Whether you are a job seeker looking for something new or a business owner looking to expand or find new contacts, it can pay to network.
There is no need to be shy about networking – it is a great way to make new connections that could turn out to be useful in your professional life or simply expand your social circle. It really is as much about who you know as what you know.
Look online for local events that you could attend. Sites like Buckinghamshire Business First list upcoming networking events as well as useful workshops and other useful meetings. And FindNetworkingEvents.com lists events by region.
Do your homework. Check out in advance who might be attending the event through social media and from any itinerary list that may be published in advance – that way, you can identify who you would like to introduce yourself to and plan what you would like to say and any questions you would like to ask.
Have some business cards at the ready. Make sure that your business cards are up-to-date and that you have plenty to take with you so that you don’t run out or scrabble about in your jacket pocket/bottom of your hand bag for the last one.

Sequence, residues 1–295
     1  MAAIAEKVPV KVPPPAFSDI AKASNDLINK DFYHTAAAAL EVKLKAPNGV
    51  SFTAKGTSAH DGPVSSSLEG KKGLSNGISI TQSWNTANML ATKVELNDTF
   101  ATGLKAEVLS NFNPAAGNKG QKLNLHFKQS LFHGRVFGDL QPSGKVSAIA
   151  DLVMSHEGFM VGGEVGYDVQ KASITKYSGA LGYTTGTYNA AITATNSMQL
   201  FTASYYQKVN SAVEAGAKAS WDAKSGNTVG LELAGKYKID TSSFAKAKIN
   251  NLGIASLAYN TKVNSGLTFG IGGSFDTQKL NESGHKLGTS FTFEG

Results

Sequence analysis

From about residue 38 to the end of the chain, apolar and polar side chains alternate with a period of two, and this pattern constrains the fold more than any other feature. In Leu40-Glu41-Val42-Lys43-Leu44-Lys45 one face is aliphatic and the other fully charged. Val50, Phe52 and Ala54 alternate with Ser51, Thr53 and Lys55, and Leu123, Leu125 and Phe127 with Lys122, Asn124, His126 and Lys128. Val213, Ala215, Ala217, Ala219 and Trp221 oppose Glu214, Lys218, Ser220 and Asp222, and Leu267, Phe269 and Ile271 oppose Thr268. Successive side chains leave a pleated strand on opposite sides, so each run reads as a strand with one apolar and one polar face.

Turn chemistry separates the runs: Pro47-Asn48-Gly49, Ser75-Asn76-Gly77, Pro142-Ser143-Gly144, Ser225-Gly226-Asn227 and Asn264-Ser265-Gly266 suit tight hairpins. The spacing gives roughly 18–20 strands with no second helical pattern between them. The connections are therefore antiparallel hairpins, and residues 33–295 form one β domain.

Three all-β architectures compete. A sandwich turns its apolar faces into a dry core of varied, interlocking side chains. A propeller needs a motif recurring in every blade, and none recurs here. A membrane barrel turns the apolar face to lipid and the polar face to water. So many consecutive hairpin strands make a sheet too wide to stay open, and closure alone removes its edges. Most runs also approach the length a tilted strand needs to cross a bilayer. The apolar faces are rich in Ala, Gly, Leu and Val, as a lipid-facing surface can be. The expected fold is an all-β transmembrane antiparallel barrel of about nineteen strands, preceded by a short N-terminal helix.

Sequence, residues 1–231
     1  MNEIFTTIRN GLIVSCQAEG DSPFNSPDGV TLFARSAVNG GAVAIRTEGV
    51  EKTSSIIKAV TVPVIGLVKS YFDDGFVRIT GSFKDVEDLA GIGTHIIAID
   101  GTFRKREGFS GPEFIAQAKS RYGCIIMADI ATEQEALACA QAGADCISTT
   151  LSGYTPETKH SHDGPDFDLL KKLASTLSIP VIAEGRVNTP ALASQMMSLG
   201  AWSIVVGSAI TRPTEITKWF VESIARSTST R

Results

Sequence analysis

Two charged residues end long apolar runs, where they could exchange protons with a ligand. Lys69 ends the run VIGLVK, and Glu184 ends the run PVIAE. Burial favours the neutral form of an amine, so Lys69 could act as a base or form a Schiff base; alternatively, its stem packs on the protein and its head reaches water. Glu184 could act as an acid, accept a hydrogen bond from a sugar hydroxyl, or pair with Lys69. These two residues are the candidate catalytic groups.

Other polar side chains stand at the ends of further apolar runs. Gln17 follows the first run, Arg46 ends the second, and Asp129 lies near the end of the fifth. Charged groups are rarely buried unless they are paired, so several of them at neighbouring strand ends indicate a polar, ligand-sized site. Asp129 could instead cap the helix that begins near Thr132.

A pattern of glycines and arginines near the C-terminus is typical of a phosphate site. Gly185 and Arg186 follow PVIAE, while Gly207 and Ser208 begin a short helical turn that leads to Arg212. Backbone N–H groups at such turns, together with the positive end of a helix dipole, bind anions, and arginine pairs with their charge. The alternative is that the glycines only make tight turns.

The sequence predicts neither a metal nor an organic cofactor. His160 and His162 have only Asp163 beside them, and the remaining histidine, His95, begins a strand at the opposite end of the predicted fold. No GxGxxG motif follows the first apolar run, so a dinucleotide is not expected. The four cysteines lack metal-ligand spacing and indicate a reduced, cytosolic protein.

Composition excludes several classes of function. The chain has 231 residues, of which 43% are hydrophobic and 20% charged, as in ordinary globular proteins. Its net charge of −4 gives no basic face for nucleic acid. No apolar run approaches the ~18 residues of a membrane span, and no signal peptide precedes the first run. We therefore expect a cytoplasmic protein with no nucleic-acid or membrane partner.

Prepare your elevator pitch! Make sure that you practice a pitch that encapsulates who you are, what you do and what you’re looking for – the trick is not to sound too robotic or repetitive – it needs to be part of your natural speech yet concise enough to get your message across quickly.
Dress to impress. Make sure that you plan your outfit in advance and that it is suitable for the occasion and follows any prescribed dress code – you don’t want to turn up to a Black Tie event in jeans.
Think about your body language. If you’re new to all this, try not to look nervous. A smile goes a long way – stand with an open stance, smile and don’t cross your arms – all these things will make you look more approachable. Think confident, shake hands and show an interest in others and you will be fine.
Ask questions. No-one wants to be bored listening to someone go on and on about themselves. Ask questions of whoever you are speaking too and find some common ground to help build a natural rapport. Ask if there is any way that you could help them by finding out what they are all about – they are more likely to remember you after the event if you can benefit them in some way.
Follow up. Remember to follow up on any conversations that you have and new contacts that you make (might help to make notes on business cards at the actual event so you don’t forget!). Don’t leave it too long and if said you could help, make sure that you do just that. Connect with any new contacts via LinkedIn, email or just call them.